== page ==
Here’s our final trade package for the Jaguars to consider.

Jacksonville gets a premium draft selection (second round) and a couple of players. First off the Jaguars have done literally nothing on the free-agent market as it pertains to their offensive line. So anything would be an upgrade.

So the Jets send veteran guard Brian Winters as part of the deal. He has one year left on his contract for $7.3 million (none of it guaranteed). Winters isn’t the best guard in the league, but he’s serviceable when healthy.

This offseason the Jets have filled a ton of holes with the additions of Alex Lewis and Greg Van Roten on the interior. So Brian Winters is super expendable and the team can save cap space by moving him. Trading him wouldn’t cause any unrest among Jets fans.

The same can’t be said with the other player included in this deal. Folorunso Fatukasi was a late-round gem for the NY Jets in the sixth round, 180th overall in the 2018 NFL Draft.

Foley had a relatively uneventful rookie season but exploded on the scene as a sophomore in 2019. He played in 14 games and recorded 27 tackles, a sack, seven tackles for loss, and three quarterback hits. In addition to his individual stats, the Jets finished as one of the top run-stuffing teams in the league.

Fatukasi is young (25 years old) and is on a cheap deal that has him under contract through 2021. Over the next two years, he’ll make less than $2 million.

The Jaguars lost both Marcell Dareus and Calais Campbell this offseason and replaced them with marginal talents in Rodney Gunter and Al Woods. They’re short term solutions, but the team is still looking for long term answers.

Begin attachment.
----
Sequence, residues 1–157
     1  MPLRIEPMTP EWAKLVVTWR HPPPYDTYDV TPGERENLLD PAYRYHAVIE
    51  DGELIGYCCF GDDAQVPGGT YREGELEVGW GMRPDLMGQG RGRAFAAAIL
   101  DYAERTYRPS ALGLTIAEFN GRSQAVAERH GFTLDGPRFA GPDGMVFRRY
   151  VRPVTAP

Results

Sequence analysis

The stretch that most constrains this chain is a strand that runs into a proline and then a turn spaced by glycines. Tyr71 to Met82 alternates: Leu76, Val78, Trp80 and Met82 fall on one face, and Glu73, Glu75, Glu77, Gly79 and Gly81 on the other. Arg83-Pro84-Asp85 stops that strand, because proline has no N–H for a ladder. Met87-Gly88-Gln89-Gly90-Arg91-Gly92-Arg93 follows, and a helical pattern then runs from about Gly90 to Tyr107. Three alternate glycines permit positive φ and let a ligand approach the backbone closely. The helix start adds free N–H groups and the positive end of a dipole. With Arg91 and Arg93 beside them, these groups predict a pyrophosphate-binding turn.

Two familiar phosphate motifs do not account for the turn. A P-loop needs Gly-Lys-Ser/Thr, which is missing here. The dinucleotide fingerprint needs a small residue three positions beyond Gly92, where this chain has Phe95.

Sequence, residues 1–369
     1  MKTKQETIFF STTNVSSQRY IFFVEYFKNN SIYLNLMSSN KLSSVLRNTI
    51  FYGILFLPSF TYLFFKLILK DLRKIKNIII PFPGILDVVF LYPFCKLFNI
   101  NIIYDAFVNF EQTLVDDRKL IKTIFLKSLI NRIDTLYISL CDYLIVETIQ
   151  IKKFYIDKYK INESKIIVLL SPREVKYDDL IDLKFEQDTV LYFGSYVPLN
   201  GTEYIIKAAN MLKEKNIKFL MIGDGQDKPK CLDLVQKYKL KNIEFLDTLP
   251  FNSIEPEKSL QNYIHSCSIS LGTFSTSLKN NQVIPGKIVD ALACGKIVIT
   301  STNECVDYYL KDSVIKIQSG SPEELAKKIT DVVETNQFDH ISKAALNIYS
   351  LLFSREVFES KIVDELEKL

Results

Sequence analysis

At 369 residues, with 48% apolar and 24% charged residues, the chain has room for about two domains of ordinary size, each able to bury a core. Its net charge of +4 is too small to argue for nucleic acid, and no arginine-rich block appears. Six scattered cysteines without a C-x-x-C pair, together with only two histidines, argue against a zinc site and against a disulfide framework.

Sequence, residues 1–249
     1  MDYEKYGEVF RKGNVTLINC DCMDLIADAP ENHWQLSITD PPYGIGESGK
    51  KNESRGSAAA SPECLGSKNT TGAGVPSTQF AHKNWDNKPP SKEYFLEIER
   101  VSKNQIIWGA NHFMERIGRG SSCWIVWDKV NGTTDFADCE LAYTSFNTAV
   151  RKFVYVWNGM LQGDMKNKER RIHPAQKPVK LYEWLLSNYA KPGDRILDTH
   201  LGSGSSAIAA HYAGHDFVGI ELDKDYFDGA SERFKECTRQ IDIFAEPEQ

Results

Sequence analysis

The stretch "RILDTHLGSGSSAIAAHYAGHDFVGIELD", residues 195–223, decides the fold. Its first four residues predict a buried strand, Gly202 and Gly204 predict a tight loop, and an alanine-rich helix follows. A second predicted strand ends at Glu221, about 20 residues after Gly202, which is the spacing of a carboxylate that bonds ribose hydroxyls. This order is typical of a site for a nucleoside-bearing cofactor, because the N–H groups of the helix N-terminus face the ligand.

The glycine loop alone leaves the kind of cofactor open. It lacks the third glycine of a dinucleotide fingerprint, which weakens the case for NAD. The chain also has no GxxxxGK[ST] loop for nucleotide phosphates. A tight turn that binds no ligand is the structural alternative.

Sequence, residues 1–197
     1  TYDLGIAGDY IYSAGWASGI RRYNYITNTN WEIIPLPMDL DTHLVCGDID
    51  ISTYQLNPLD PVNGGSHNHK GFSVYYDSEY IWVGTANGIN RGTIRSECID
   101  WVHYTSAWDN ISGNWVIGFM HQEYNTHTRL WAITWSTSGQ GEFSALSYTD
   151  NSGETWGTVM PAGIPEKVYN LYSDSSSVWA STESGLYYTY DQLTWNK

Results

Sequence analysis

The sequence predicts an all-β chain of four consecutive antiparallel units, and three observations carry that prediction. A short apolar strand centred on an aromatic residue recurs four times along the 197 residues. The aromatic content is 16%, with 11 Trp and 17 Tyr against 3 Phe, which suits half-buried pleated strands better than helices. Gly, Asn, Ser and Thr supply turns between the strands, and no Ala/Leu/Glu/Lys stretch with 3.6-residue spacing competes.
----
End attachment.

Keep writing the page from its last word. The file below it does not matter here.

In this case, the Jaguars can fill two needs with a short term band-aid on the offensive line in Winters and then a potential long-term option on the interior of their defensive line in Foley.

This is a very creative trade and honestly, it may take another future mid-round pick to seal the deal with the Jaguars.

Now NY Jets fans may be asking themselves is it worth it?

Ngakoue will be 25 at the end of March and is one of the best pass rushers in the league. Gang Green has an obvious need opposite of Jordan Jenkins at edge rusher. On top of all of that, sometimes you have to risk it to get the biscuit.

In any of these deals, the main component is draft picks. What are draft picks? Lottery tickets. It’s an educated guessing game where you hope to select the right guy and hope he develops in your system.

NY Jets: 7-round 2020 NFL Mock Draft, post-free agency edition. Next

With Yannick there’s no guessing, you know exactly who and what he is. If the Jets pull the trigger they’ll immediately add a franchise-changing player at one of the three critical positions of need on a team. Why wouldn’t you make this happen?